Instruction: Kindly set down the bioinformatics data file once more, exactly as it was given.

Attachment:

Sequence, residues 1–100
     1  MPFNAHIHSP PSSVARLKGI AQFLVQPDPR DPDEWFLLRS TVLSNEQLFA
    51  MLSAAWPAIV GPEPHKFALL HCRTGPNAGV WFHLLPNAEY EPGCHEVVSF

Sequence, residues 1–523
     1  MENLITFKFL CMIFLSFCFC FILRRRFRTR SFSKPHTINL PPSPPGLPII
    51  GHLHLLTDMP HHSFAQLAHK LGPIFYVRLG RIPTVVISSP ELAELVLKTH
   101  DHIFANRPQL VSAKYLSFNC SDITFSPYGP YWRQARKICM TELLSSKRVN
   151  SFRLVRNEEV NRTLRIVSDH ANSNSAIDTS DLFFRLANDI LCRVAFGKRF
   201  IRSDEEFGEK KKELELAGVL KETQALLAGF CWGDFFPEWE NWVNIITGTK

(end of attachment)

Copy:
Sequence, residues 1–100
     1  MPFNAHIHSP PSSVARLKGI AQFLVQPDPR DPDEWFLLRS TVLSNEQLFA
    51  MLSAAWPAIV GPEPHKFALL HCRTGPNAGV WFHLLPNAEY EPGCHEVVSF

Sequence, residues 1–523
     1  MENLITFKFL CMIFLSFCFC FILRRRFRTR SFSKPHTINL PPSPPGLPII
    51  GHLHLLTDMP HHSFAQLAHK LGPIFYVRLG RIPTVVISSP ELAELVLKTH
   101  DHIFANRPQL VSAKYLSFNC SDITFSPYGP YWRQARKICM TELLSSKRVN
   151  SFRLVRNEEV NRTLRIVSDH ANSNSAIDTS DLFFRLANDI LCRVAFGKRF
   201  IRSDEEFGEK KKELELAGVL KETQALLAGF CWGDFFPEWE NWVNIITGTK